Rice graduate student Cary Pint has come up with a way to transfer patterns of strongly aligned, single-walled carbon nanotubes (SWNTs) from a substrate to another surface – any surface – in a matter of minutes. The same substrate, with its catalyst particles still intact, can repeatedly be used to grow more nanotubes, almost like inking a rubber stamp.
Pint is primary author of the research paper, which also details a way to quickly and easily determine the range of diameters in a batch of nanotubes grown through chemical vapor deposition (CVD). Common spectroscopic techniques are poor at seeing tubes bigger than two nanometers in diameter – or most of the nanotubes in the CVD “supergrowth” process
A scalable and facile approach is demonstrated where as-grown patterns of well-aligned structures composed of single-walled carbon nanotubes (SWNT) synthesized via water-assisted chemical vapor deposition (CVD) can be transferred, or printed, to any host surface in a single dry, room-temperature step using the growth substrate as a stamp. We demonstrate compatibility of this process with multiple transfers for large-scale device and specifically tailored pattern fabrication. Utilizing this transfer approach, anisotropic optical properties of the SWNT films are probed via polarized absorption, Raman, and photoluminescence spectroscopies. Using a simple model to describe optical transitions in the large SWNT species present in the aligned samples, polarized absorption data are demonstrated as an effective tool for accurate assignment of the diameter distribution from broad absorption features located in the infrared. This can be performed on either well-aligned samples or unaligned doped samples, allowing simple and rapid feedback of the SWNT diameter distribution that can be challenging and time-consuming to obtain in other optical methods. Furthermore, we discuss challenges in accurately characterizing alignment in structures of long versus short carbon nanotubes through optical techniques, where SWNT length makes a difference in the information obtained in such measurements. This work provides new insight to the efficient transfer and optical properties of an emerging class of long, large diameter SWNT species typically produced in the CVD process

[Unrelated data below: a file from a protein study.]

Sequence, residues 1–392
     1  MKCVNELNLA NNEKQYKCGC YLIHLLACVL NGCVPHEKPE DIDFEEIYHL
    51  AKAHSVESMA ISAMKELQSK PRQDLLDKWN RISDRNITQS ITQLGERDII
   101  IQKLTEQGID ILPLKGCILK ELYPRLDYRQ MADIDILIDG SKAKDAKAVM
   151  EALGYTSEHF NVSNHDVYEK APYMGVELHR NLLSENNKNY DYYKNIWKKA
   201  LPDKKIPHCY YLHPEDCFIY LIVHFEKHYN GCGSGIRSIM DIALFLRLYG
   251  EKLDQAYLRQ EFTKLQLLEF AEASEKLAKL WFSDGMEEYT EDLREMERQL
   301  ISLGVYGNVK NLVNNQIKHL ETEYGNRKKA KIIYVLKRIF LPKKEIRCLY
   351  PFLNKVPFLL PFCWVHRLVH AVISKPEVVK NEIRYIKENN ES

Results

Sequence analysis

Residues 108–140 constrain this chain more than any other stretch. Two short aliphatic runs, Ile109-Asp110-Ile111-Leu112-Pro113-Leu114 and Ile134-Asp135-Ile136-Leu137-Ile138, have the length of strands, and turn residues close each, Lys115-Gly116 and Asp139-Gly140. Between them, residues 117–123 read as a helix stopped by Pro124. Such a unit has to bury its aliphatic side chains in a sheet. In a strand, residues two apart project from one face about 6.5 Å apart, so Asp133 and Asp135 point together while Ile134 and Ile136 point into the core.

“This is important since all of the properties of the nanotubes – electrical, thermal and mechanical – change with diameter,” he said. “The best thing is that nearly every university has an FTIR (Fourier transform infrared) spectrometer sitting around that can do these measurements, and that should make the process of synthesis and application development from carbon nanotubes much more precise.”
Pint and other students and colleagues of Robert Hauge, a Rice distinguished faculty fellow in chemistry, are also investigating ways to take printed films of SWNTs and make them all-conducting or all-semiconducting – a process Hauge refers to as “Fermi-level engineering” for its ability to manipulate electron movement at the nanoscale.
Combined, the techniques represent a huge step toward a nearly limitless number of practical applications that include sensors, highly efficient solar panels and electronic components.
“A big frontier for the field of nanoscience is in finding ways to make what we can do on the nanoscale impact our everyday activities,” Hauge said. “For the use of carbon nanotubes in devices that can change the way we do things, a straightforward and scalable way of patterning aligned carbon nanotubes over any surface and in any pattern is a major advance.”
Pint said an afternoon of “experimenting with creative ideas” as a first-year graduate student turned into a project that held his interest through his time at Rice. “I realized early on it may be useful to transfer carbon nanotubes to other surfaces,” he said.
“I started playing around with water vapor to clean up the amorphous carbons on the nanotubes. When I pulled out a sample, I noticed the nanotubes actually stuck to the tweezers.
“I thought to myself, ‘That’s really interesting …'”
Water turns out to be the key. After growing the nanotubes, Pint etches them with a mix of hydrogen gas and water vapor, which weakens the chemical bonds between the tubes and the metal catalyst. When stamped, the nanotubes lay down and adhere, via van der Waals, to the new surface, leaving all traces of the catalyst behind.
Pint, who hopes to defend his dissertation in August, developed a steady enough hand to deposit nanotubes on a range of surfaces – “anything I could lay my hands on” – in patterns that could easily be replicated and certainly enhanced by industrial processes. A striking example of his work is a crisscross film of nanotubes made by stamping one set of lines onto a surface and then reusing the catalyst to grow more tubes and stamping them again over the first pattern at a 90-degree angle. The process took no more than 15 minutes.
“I’ll be honest – that was a little bit of luck, combined with the skill of having done this for a few years,” he said of the miniature work of art. “But if I were in industry, I would make a machine to do this for me.”
Pint believes industries will take a hard look at the technique, which he said could be scaled up easily, for embedding nanotube circuitry into electronic devices.
His own goal is to develop the process to make a range of highly efficient optical-sensing devices. He’s also investigating doping techniques that will take the guesswork out of growing metallic (conducting) or semiconducting SWNTs